Western Australia’s Lake Perkolilli Red Dust Revival is returning on September 19-25, taking place at the legendary claypan flats, 45 minutes drive out of Kalgoorlie.
The Perkolilli Claypan is arguably one of the oldest original racetrack surfaces still used in the world, sharing a similar historic time period as the UK’s Brooklands (1907) raceway and aerodrome, and the Indianapolis Motor Speedway (1909)…albeit on a claypan.
This year’s event is being put on by the Lake Perkolilli Motor Sports Club (formed in 1926) and the Variety Goldfields: a WA based children’s charity, with the AASA officially sanctioning the competition regulations of the event.
This 2022 re-enactment of the great ‘Perko’ race, has the greatest number of entrants in its history, eclipsing even the numbers from the original races.
“This really is the pinnacle of what we would call outback motorsport, we’ve got cars coming from every state,” said Graeme Cocks, president of the Lake Perkolilli Motor Sports Club, speaking to AUTO ACTION from Perth.
“It’s the romance of being able to compete and drive on a racetrack that’s exactly the same as it was in 1914.”
Amongst the 106 confirmed entrants, car models include a Ford Model T Speedster, Morris Eight Special, Hudson Terraplane, Gwynne Eight, Austin Seven, Chrysler Silverwing, Dodge Special, Willys Overland, Triumph Dolomite… the list goes on.
It’s just the sixth time since 1997 that the event has taken place, with its past history steeped in some of the earliest traditions of Australian motorsport folk law.
For some back-story, in 1914, Western Australia’s first organised form of motorsport took place on the dry and dusty red claypan of Lake Perkolilli.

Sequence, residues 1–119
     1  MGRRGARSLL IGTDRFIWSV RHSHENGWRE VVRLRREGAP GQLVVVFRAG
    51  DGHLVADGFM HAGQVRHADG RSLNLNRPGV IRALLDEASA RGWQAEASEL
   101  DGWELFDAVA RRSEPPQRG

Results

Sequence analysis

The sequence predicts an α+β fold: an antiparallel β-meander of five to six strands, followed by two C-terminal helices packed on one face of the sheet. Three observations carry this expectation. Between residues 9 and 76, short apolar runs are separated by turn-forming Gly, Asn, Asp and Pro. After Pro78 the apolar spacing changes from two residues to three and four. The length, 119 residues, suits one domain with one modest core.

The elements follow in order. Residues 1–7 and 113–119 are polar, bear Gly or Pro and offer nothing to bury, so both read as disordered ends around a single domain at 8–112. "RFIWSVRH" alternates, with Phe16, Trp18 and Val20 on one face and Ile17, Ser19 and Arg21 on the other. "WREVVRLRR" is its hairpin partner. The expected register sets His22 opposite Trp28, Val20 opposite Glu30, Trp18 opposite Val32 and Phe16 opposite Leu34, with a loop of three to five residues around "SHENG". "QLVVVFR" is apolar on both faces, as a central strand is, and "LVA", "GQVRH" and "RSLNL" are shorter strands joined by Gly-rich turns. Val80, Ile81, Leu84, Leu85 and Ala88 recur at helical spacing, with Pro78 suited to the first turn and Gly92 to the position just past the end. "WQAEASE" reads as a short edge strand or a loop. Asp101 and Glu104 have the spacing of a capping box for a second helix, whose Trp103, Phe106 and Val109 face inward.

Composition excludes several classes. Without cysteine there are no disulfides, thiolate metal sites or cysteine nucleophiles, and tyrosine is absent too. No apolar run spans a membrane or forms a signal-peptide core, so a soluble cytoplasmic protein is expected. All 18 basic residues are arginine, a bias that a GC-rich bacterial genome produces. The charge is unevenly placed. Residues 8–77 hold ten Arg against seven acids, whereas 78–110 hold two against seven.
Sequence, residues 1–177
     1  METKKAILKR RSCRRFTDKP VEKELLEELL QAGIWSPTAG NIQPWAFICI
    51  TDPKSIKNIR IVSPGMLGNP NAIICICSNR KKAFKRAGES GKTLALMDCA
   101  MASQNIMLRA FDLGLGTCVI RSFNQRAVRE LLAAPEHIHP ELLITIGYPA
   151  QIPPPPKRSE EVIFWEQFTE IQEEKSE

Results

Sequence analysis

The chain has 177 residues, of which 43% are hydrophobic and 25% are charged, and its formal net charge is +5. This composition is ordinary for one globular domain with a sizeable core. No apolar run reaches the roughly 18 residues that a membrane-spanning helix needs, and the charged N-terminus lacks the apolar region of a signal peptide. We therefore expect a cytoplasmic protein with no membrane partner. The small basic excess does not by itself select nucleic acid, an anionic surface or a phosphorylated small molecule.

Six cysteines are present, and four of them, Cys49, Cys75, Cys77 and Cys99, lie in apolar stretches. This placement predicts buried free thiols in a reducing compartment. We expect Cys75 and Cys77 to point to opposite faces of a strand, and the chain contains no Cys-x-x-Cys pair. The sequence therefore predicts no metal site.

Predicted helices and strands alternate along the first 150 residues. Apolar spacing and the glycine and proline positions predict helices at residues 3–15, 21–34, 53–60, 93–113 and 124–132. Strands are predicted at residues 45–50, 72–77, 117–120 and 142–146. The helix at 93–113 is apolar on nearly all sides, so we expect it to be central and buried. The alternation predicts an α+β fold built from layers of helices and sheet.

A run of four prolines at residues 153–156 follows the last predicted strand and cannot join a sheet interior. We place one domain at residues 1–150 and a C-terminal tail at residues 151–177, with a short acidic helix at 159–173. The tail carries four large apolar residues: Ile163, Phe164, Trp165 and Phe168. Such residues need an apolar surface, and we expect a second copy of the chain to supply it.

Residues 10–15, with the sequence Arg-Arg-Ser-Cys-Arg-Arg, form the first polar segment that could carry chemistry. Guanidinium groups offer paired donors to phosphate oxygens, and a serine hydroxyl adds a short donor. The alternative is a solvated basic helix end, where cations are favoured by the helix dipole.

Motoring enthusiasts from Perth and Kalgoorlie made the trip out to the popular event, driving up the godforsaken roads that led into Perkolilli, pitch their tents in the rock-hard soil, and began tuning and testing their motorcycles and cars to prepare for race day.
At first it was the motorcycles that were the prominent force, reaching up to speeds of 160km by the mid-twenties, before the cars started to match them in performance, where they started to experience the thrill of fast cornering in some of Australia earliest racing machines and roughest conditions.
By the late 1920’s, the event had started to become legendary, with its golden years producing famed early winners such Ossie Cranston (Ford), Arthur Colliver (Chrysler), Eric Armstrong (Triumph) and Neil Baird (Terraplane).
The earliest V8’s started to dominate the flats, with its last winner, Jack Nelson, piloting a Ballot Special, which had a Ford V8 in a Chevrolet Chassis, blended with parts from a Ballot grand prix car.
For more information on this wonderful event visit Red Dust Revival 2022 | motoring-past (motoringpast.com.au)